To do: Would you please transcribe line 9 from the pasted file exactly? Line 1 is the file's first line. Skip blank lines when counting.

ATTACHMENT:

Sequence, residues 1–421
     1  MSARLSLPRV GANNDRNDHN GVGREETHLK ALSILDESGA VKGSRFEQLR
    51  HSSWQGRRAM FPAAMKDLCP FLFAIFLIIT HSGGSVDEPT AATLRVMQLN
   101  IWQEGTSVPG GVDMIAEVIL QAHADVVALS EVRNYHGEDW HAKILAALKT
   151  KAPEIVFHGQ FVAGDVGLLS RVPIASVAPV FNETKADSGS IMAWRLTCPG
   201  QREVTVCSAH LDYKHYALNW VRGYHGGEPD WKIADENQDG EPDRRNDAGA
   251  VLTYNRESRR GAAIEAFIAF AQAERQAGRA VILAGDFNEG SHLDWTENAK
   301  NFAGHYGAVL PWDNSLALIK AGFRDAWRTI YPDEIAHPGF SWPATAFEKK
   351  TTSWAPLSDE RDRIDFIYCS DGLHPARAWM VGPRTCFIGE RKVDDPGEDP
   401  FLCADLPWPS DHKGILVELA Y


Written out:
   351  TTSWAPLSDE RDRIDFIYCS DGLHPARAWM VGPRTCFIGE RKVDDPGEDP